The Basics The film does a superb job of quickly and clearly setting up a quite complicated world and concept – i.e. that 12 districts were once at war with the capitol city of Panem, and after losing, were forced into submission. As a reminder of the war and what they have all overcome “together,” the districts are forced to participate in a yearly lottery (called a Reaping) which selects a young boy and girl to participate in The Hunger Games, a battle of survival and strength in which only one of 24 will emerge alive. The film achieves this through several smart decisions, including some simple text at the opening, a created “film” about the history of Panem and the 13 Districts (now 12) that is shown at The Reaping, some dialogue between characters, and newly created scenes within Panem, such as two characters narrating the games like any sportscasters. It’s very well handled and easy to follow.
“When a tradition gathers enough strength to go on for centuries, you don’t just turn it off one day.” Chinua Achebe was one of the first to really understand not only tradition but the human race as well. In “The Lottery” by Shirley Jackson, Chinua’s form of tradition is put into play. Every year, each town comes together and picks many slips of paper at times, finally reaching one person. The person chosen is stoned to death. Different forms of tradition are widely followed by a variety of people, although they may not know why it is being followed.
Winning the lottery is the most universal dream in the world. The everyday person has a complete plan ready for what they will do with their winnings when they hit it big. A trip to Ireland, paying off your student loans, or funding your parent’s retirement would be so much easier with those few lucky numbers. For most of us, our vivid daydreams of one day hitting it big are rudely interrupted by the bill collectors calling our phones. Although suddenly coming into a large amount of money is seen by most as the key to happiness, such outlook could not be further from the truth.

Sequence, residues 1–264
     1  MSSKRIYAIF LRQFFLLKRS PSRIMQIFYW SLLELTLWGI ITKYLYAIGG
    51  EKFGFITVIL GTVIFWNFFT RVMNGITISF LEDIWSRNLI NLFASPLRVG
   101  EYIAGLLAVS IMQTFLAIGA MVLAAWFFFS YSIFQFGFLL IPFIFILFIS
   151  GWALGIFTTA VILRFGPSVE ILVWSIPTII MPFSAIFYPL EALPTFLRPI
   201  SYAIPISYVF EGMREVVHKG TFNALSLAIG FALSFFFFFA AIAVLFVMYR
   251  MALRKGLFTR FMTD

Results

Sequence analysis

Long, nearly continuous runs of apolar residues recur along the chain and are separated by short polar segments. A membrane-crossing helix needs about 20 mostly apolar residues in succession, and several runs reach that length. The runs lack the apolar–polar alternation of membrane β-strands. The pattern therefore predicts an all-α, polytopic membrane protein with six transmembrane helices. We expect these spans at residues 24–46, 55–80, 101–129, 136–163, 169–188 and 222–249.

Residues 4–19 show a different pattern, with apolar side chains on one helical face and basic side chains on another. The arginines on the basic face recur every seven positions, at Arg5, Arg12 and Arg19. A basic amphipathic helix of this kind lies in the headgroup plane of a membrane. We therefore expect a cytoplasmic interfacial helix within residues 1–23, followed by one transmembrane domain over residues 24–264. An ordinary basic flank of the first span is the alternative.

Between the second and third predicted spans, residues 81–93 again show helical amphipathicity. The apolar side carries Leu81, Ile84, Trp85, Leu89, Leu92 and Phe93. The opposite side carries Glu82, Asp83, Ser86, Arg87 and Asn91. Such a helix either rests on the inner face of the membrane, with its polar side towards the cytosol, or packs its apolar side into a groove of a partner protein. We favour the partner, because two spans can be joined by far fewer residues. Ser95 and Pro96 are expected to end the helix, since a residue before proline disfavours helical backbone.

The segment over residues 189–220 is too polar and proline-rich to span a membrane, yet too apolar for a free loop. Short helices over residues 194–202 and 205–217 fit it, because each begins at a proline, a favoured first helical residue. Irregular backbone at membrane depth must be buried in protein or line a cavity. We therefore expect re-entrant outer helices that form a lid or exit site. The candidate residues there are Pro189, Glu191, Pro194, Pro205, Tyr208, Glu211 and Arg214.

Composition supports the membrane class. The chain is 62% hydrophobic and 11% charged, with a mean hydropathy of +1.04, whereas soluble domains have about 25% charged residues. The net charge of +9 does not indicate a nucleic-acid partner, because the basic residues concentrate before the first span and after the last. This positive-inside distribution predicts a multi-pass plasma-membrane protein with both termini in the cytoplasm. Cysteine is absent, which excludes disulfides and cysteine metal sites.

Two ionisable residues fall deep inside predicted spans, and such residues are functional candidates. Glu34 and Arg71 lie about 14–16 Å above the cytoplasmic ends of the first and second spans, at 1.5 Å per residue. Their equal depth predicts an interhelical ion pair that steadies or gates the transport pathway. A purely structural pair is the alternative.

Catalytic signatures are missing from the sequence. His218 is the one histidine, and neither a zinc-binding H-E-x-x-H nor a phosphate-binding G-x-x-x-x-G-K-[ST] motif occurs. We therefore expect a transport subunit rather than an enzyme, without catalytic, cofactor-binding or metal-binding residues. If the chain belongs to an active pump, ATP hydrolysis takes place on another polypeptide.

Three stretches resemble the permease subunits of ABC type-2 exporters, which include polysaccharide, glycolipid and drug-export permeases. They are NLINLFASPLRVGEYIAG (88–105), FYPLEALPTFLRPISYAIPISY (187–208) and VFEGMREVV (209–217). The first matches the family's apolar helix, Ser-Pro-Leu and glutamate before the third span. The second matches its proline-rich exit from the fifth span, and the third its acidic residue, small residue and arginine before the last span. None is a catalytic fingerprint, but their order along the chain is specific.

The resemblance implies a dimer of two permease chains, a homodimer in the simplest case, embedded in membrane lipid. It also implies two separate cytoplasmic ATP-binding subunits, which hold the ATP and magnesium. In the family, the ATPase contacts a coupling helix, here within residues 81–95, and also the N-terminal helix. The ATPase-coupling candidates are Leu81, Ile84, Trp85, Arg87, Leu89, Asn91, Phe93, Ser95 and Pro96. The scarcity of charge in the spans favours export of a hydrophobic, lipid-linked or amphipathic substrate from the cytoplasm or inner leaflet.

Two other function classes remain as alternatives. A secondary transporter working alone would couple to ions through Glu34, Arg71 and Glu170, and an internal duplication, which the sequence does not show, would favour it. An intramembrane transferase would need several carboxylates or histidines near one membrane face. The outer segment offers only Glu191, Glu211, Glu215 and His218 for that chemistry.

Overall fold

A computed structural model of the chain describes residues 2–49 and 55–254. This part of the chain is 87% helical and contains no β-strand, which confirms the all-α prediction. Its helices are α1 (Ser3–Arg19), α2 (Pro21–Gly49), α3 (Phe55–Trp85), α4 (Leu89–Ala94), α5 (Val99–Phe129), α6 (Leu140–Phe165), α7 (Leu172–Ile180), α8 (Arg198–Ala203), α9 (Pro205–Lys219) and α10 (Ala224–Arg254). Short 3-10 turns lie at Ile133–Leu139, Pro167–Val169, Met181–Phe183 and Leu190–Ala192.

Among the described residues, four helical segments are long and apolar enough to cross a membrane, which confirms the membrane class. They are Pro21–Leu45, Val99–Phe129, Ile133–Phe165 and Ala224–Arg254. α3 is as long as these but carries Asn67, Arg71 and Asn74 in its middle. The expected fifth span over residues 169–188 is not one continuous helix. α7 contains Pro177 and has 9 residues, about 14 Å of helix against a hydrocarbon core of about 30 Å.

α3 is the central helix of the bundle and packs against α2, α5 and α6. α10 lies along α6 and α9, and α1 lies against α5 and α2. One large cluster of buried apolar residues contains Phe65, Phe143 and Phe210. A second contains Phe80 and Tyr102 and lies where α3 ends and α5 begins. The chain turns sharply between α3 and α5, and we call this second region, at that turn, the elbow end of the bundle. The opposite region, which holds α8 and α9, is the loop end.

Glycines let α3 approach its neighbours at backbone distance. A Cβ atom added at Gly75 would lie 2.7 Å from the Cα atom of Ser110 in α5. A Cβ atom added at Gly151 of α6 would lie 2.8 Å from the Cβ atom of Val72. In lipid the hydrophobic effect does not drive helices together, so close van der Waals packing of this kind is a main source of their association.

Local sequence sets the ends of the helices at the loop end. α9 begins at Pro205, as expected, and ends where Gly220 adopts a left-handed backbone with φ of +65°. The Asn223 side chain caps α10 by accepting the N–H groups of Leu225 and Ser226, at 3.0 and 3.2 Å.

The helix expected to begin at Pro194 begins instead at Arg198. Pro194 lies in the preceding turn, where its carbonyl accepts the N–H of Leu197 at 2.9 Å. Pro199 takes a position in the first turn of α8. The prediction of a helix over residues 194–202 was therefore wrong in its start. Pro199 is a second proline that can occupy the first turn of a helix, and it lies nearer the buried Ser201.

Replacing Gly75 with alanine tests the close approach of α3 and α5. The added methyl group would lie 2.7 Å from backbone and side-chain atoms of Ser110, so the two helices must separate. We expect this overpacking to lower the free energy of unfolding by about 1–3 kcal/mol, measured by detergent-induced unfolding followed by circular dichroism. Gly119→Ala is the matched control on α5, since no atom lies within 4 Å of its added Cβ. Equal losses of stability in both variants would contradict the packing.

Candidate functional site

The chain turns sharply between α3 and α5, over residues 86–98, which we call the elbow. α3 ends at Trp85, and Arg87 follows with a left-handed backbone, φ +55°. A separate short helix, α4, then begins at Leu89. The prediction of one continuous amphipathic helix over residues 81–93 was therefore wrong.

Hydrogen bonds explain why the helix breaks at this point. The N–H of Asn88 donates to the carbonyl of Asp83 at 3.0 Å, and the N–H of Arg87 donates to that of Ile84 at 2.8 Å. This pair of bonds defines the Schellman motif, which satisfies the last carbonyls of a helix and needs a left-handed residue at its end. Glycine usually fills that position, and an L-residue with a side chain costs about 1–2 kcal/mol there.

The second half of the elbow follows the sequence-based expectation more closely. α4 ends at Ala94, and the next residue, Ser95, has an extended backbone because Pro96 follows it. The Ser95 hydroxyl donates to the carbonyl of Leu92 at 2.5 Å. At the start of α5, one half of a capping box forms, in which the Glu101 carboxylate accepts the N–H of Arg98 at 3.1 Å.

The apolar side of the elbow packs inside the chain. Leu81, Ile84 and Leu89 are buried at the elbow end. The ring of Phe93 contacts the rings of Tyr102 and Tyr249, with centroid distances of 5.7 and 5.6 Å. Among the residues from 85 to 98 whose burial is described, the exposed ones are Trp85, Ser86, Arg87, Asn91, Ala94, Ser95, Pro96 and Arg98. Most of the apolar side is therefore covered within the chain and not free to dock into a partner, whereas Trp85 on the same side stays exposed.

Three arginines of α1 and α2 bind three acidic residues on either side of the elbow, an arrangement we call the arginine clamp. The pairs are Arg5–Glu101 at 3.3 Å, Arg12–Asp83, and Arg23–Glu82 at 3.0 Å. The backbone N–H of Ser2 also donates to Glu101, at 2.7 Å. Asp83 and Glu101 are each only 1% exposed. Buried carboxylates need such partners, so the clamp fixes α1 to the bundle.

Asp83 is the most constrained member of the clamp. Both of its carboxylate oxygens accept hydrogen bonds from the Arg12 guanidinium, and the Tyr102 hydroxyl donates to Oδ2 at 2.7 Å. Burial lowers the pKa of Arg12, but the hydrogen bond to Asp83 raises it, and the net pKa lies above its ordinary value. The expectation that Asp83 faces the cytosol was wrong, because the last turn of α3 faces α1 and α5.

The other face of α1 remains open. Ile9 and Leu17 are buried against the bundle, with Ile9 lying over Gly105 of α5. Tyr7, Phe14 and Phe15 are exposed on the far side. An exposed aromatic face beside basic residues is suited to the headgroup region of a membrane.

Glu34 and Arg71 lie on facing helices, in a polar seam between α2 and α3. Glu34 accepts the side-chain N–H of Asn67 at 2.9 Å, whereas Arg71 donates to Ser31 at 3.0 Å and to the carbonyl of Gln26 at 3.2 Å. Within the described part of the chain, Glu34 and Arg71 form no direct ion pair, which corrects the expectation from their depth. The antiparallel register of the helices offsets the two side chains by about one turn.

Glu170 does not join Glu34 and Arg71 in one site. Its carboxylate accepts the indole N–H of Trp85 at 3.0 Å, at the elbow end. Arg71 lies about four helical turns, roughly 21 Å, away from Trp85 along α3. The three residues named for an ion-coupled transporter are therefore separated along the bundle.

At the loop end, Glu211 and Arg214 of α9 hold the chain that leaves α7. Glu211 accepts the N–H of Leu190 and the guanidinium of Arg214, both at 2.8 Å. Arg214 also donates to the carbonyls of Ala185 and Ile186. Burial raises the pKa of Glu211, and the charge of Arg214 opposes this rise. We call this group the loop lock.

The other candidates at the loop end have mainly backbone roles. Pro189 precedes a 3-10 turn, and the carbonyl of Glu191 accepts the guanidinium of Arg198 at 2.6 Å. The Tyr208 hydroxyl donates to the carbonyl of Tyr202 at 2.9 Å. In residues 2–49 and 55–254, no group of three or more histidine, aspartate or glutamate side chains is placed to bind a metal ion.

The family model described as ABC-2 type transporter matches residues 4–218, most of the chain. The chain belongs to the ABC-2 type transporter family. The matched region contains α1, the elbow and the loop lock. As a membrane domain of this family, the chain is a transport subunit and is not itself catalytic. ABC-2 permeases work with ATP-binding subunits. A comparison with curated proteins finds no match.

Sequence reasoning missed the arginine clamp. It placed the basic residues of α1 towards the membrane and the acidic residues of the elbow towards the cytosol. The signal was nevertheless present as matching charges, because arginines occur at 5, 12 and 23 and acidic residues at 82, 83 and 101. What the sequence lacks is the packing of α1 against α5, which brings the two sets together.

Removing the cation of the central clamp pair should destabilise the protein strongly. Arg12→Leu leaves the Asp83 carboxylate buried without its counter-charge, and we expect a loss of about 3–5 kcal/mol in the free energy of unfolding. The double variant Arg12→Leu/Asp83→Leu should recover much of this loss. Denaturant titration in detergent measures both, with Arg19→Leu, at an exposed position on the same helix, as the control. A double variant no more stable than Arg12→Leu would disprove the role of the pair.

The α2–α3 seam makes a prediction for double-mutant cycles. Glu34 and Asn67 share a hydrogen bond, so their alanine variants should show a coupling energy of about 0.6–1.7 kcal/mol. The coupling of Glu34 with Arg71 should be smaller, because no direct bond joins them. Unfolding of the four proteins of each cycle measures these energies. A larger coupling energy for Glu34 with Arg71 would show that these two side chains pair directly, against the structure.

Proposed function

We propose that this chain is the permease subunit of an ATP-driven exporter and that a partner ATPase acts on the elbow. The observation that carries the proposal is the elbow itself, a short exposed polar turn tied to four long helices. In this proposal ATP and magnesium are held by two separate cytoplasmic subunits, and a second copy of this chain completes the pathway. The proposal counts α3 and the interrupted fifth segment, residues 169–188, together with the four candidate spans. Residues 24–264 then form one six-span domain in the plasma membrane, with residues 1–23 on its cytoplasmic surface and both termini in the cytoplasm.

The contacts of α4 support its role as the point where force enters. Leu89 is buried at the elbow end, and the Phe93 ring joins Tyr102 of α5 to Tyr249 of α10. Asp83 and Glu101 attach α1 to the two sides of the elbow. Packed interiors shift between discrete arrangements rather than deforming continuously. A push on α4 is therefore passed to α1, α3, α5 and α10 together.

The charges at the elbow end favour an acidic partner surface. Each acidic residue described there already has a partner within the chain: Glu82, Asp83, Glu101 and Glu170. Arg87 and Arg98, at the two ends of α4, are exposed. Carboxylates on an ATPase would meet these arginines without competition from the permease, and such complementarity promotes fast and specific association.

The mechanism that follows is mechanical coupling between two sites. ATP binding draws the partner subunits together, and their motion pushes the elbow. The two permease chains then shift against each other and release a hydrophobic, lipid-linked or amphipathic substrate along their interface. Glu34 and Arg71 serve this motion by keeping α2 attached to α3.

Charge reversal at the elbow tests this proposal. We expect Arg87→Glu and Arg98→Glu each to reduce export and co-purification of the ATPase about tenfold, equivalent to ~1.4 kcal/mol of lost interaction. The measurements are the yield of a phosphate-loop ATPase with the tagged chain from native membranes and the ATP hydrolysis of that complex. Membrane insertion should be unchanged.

After working all summer and saving my money up I finally had enough money to buy my classic dream car, at least I thought I did. Once I arrived to purchase my dream car, I immediately knew it was for me. The car unfortunately cost more than I had saved. The seller and I made a mutual assent with a signed contract stating that I would pay the remaining amount within the next 3 months; though the contract may not have been truly valid in regards to public policy. It did contain the three requirements consideration, capacity and legality.
I grew up just years before the dawning of a brand new millennium, the “Y2K”, and the supposed ending of the world. My generation, which is known as “the 90’s” just may be the most popular, (okay, so I’m biased!) Those of us who grew up during this decade are known as 90’s kids. I was brought up during the time of the “old” Nickelodeon, Spice Girl lollipops, the Goosebumps book series, Tales from the Crypt (my favorite show! ), solving all problems with the best 2 out of 3 in “rock, paper, scissors”, Discovery Zone in Hudson Mall, and watching Saturday morning cartoons on the old WB 11 television station.